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You can only avoid your problems for so long….

Personal column essays
  • Bryce Baxter: Page experience
  • Jennifer Bowers: Beach rip tide
  • Morgan Stemple: Principal's daughter
  • Katrina Zurasky: 5 Words Can't Describe Me
  • Alicia Beasley: A small taste
  • Holly Cole: A zip line in Haiti
  • Elena Fandrich: Roller coaster ride
  • Sara Fitzgerald: Don't wimp out
  • Catherine Flemming: Snow Day
  • Anna Hogan: Moving to Lithuania
  • Leah Jennings: Gender differences
  • Valerie Lampert: My greatest memory
  • Erin McGraw: Kindness
  • Eleanor Pare: Over the edge
  • Ashleigh Powell: Lost on 95
  • Alex Ross: Special Olympics
  • Michael Scott: Living in China
  • Julio Villogas: Moving from Peru
  • By Nicholas Bessette
    Senior, Mountain View High School

                As if middle school gym class isn’t awkward enough, being overweight with glasses during a game of dodge ball was just a terrible situation waiting to happen. When you’re overweight, you see the world differently. To me, I never thought I’d lose the weight and be fat the rest of my life. But then I decided to do track my junior year of high school. At first it was just to see if I liked it, then I met Coach Davis. And he showed me that I could be more than an overweight teenager, and that I could actually achieve something other than academics.            

     Before junior year, I was an unsociable fat kid who stayed home on weekends and played video games. I was made fun of my overly macho jocks and stuck up girls who were as thin as toothpicks. I avoided standing up for myself and I hated that.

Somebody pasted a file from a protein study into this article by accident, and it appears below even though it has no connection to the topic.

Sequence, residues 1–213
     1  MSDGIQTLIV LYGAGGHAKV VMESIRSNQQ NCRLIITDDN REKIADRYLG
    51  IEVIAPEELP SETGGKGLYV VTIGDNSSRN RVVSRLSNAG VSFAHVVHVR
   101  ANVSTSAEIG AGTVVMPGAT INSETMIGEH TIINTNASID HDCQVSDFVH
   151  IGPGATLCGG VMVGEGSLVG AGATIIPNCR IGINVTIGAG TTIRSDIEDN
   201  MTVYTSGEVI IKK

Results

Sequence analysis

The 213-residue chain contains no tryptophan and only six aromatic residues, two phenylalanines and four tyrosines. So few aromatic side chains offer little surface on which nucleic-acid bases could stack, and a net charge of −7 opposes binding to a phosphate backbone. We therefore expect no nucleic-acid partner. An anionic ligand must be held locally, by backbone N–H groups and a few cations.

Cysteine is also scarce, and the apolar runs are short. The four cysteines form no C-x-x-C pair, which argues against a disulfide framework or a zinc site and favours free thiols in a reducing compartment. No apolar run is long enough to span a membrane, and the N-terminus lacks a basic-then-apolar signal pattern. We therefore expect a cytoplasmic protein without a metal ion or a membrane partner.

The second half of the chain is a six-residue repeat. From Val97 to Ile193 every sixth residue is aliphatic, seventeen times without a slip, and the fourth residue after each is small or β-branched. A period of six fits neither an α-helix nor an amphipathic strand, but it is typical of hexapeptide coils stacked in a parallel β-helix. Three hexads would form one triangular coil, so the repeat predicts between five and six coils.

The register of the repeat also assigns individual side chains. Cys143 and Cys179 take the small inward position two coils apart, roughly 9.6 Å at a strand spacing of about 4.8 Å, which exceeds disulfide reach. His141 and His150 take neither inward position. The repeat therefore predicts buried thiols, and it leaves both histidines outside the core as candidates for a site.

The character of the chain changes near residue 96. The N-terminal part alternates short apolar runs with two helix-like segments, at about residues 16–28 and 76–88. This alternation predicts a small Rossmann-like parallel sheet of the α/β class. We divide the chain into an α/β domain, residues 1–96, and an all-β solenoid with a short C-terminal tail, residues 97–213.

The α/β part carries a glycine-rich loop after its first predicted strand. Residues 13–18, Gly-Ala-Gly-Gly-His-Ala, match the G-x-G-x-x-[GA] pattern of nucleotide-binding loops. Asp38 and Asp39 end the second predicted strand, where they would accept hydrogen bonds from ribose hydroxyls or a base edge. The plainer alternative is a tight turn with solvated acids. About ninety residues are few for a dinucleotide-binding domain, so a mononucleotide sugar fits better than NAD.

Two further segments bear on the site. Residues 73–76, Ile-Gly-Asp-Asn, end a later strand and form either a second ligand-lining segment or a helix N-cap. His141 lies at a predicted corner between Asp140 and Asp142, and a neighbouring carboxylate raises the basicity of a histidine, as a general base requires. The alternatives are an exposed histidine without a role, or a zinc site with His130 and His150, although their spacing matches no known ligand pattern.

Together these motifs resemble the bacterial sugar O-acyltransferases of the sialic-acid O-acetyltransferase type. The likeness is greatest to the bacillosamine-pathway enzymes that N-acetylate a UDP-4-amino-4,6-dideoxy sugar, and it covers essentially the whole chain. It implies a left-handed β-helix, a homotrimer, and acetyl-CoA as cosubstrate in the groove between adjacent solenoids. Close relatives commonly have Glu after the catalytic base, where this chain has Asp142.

Then I started to be more social my junior year and I grew a few inched, shedding a couple pounds. I started talking to more people and went out more. I decided I wanted to try out track. At first, I wanted it because I was curious, and it would look good on my transcript. And it was rough. Practices were intense, especially on workout days and I’d often go home and pass out. But as the weeks went on, I noticed that my body was beginning to slim and running a mere three miles no longer winded me. After the season was over, I had lost over twenty pounds!

    Coach Davis always told me that I could achieve whatever I wanted; I just had to work hard for it. When Cross County season came, I joined the team and lost another ten pounds. I am hardly recognizable to myself a year ago. And I promise, to myself, that I will never eat away loneliness and anxiety. And all it took was some blood, sweat and a lot of tears. A lot of tears.

    Now I stand up for myself, I don’t take unnecessary insults from people and you’ll rarely see my home on Friday nights. Like the rapper Drake said, you only live once. You have to live it up.





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